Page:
The software makes mapping data to Google Maps painfully easy!
The steps to create a data visualization are:
Copy your data including the column headers from Excel
Paste that data into BatchGeo
Click to create your map ... and the basic service is free.
What's even more amazing all the data from your Excel columns will be as close as a mouse click on any geo point. Let's investigate an example ... the most recent results of the Cincinnati Half Marathon. The data elements (i.e. Excel columns) for each runner are:
Obviously, your data could have any fields, but given this service is about mapping ... location should be present (city, state, country, etc). Here is the finished GeoMap (partial screenshot given below). Given most of the competitors were from the Ohio area, drill down into the map to gain a perspective. Once you have the map at a reasonable resolution, click on a few "elements/data points!" The service also incorporates search against all the data in your database.
If you would like to try the service, I've included an excerpt of the marathon database (i.e. 260 records out of the original 1,241 runners). Remember to copy the field headers as well as the Excel data. When you browse to BatchGeo, just paste your data in the large window indicated ... you can't miss it! You then should either click on <Validate & Set Options> or <Map Now>. While you could just click "map now" select the validate option. You don't actually have to validate any data elements, but it does give the option to group your data by any desired variable. Given this service is oriented towards geo mapping, the logical grouping will normally be focused upon some "location variable". I chose "city".
If you want to try other examples, the easiest way to find Excel data is by using Google Advance Search. Use the file drop down to limit your results to <xls> files (i.e. Excel).
Did you know the Northstar Nerd is actually four people, or five, or six people?! As crazy as that may seem, I just received an answer back from Google tech support on an anomaly I had noticed on both historical WebTrends, and current Google Analytics data. Here is the situation, my company has around 120k employees. Web metrics data from both systems stated that in a 30 day period over 220,000 unique visitors had visited our internal employee portal.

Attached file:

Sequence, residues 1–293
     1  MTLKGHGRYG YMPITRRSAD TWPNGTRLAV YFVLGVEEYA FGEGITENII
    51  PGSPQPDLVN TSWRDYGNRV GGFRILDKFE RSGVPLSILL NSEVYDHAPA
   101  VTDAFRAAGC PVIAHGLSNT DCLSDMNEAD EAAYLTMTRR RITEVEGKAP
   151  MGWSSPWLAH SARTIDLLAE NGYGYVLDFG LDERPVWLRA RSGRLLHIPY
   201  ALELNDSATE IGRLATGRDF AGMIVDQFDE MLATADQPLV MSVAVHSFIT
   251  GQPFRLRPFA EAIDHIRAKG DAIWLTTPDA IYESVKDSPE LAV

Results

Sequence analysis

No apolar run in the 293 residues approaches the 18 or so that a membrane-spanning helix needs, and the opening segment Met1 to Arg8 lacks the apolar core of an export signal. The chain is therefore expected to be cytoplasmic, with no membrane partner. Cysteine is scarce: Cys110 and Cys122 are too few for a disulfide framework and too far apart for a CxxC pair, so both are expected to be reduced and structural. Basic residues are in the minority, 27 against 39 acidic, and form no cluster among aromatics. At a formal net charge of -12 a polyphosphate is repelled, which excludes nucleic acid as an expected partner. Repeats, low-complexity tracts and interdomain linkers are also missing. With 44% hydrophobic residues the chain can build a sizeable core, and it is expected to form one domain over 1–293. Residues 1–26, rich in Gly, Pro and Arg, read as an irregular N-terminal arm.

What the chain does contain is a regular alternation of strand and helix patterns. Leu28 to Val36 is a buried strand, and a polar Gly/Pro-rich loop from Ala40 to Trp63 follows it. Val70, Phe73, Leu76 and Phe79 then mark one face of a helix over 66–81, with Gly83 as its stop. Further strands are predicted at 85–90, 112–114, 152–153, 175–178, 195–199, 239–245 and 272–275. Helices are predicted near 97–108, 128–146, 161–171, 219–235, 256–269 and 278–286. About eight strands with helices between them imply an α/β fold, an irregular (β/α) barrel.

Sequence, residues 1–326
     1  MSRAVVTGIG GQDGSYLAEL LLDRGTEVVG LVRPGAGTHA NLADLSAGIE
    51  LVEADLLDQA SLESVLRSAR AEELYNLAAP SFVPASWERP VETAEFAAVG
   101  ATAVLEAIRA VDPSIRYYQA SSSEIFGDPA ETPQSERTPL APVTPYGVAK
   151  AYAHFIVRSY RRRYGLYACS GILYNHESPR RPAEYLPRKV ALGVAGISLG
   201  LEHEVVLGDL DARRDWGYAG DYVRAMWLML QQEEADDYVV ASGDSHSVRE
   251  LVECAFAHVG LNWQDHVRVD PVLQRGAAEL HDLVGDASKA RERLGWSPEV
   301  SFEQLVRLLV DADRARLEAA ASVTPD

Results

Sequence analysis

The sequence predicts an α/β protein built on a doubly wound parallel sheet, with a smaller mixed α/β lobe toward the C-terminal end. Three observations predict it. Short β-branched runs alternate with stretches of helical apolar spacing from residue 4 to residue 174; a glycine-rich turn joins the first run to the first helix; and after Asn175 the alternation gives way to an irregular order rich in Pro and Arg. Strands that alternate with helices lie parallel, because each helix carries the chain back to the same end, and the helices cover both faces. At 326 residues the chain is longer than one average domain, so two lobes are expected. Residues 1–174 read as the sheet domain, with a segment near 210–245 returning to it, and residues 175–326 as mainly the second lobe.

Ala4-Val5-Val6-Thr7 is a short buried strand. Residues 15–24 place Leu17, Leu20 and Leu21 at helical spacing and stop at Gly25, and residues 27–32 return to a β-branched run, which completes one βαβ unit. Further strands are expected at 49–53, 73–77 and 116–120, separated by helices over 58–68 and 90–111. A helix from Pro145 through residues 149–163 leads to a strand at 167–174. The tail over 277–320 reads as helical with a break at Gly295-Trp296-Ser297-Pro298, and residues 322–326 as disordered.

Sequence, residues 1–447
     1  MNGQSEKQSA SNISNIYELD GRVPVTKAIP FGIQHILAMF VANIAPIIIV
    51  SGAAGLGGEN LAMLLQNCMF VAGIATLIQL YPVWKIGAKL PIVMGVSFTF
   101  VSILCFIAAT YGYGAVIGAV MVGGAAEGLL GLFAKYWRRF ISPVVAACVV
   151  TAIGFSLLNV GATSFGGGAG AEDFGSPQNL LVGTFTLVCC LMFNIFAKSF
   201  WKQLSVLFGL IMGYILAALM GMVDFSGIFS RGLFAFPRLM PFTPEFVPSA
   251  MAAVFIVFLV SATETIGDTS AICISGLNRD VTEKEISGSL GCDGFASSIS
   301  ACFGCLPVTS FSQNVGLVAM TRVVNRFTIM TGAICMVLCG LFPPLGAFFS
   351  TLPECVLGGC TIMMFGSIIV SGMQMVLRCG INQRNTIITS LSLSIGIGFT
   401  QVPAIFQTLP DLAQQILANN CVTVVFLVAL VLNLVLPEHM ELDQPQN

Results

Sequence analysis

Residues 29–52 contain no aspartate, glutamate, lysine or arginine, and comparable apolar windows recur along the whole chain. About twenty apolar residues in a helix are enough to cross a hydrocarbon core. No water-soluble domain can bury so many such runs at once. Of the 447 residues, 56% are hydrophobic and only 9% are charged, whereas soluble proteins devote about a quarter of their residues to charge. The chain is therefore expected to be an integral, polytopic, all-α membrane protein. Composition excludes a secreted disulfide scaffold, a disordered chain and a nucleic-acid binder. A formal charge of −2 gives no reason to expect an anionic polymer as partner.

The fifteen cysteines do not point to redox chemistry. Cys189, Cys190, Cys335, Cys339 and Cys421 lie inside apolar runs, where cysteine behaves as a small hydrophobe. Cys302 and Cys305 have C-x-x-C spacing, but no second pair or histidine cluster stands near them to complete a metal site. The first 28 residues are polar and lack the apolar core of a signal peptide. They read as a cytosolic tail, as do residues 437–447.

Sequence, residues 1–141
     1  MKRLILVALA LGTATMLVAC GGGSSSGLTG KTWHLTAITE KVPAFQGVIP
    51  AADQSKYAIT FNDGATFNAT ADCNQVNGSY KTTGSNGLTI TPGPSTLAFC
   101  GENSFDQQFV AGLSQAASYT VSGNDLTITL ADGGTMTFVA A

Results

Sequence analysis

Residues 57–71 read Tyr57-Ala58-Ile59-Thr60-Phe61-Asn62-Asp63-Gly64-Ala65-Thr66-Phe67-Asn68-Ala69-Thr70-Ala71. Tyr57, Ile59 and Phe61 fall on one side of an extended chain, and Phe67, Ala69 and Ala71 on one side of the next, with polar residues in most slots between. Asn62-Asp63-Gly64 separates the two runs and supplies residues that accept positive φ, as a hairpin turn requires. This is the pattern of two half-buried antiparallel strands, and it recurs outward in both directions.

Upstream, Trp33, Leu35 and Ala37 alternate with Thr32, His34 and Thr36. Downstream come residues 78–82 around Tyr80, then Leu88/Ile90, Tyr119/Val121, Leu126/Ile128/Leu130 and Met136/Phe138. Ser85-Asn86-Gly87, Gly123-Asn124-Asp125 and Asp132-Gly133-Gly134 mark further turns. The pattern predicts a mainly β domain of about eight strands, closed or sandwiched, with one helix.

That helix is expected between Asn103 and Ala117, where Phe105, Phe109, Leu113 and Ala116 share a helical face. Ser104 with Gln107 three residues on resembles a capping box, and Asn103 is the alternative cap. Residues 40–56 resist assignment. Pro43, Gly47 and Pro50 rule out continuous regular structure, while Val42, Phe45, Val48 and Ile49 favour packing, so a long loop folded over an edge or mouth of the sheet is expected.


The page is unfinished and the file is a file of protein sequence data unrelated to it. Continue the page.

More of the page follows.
There were two ways I could interpret this data:
Wow ... what great usage stats!
Eh gad ... this can't be correct ... we only have 120,000 employees!
I chose option #2, as I doubted that my company had recently hired 100K employees. My other action was to contact Google and provide them the data from both systems, and explain the scenario.
Earlier today I received a nice answer back from Google. After much internal discussion, they felt my data was correct, but I had to remember what the term "unique visitors" actually indicated. Almost all web anlaytics services (Google, Omniture, WebTrends, etc) use tracking cookies. Cookies track unique browsers, not unique people or vistors.
Let's consider my own example. I have four computers: an engineering work station, a laptop, an iPad and an Android smartphone. On each system I use mutliple browsers for various technical reasons (Atomic for iPad, Chrome, Firefox, Internet Explorer, and Safari). Thus, since cookies are measuring unique browsers (i.e. cookies) during a 30 day period, I might represent 12 unique users in a web analytics report. Remember, when I use a different browser on a different computer, I will be assigned a new unique tracking cookies for that computer and browser.
While most users might not use as many computers and browsers as the NorthstarNerd, it is not unusual for a typical user to have more than one browser, and visit your site from both home and work. Thus, most people would at least score a "four" on the unique visitor / cookie count ... I suspect more.
The moral to the story is be careful if you report "unique visitor" data. Your users might not be as unique as you thought. Finally, Google also told me that based upon my data they are working on trying to determine a way to account for this issue.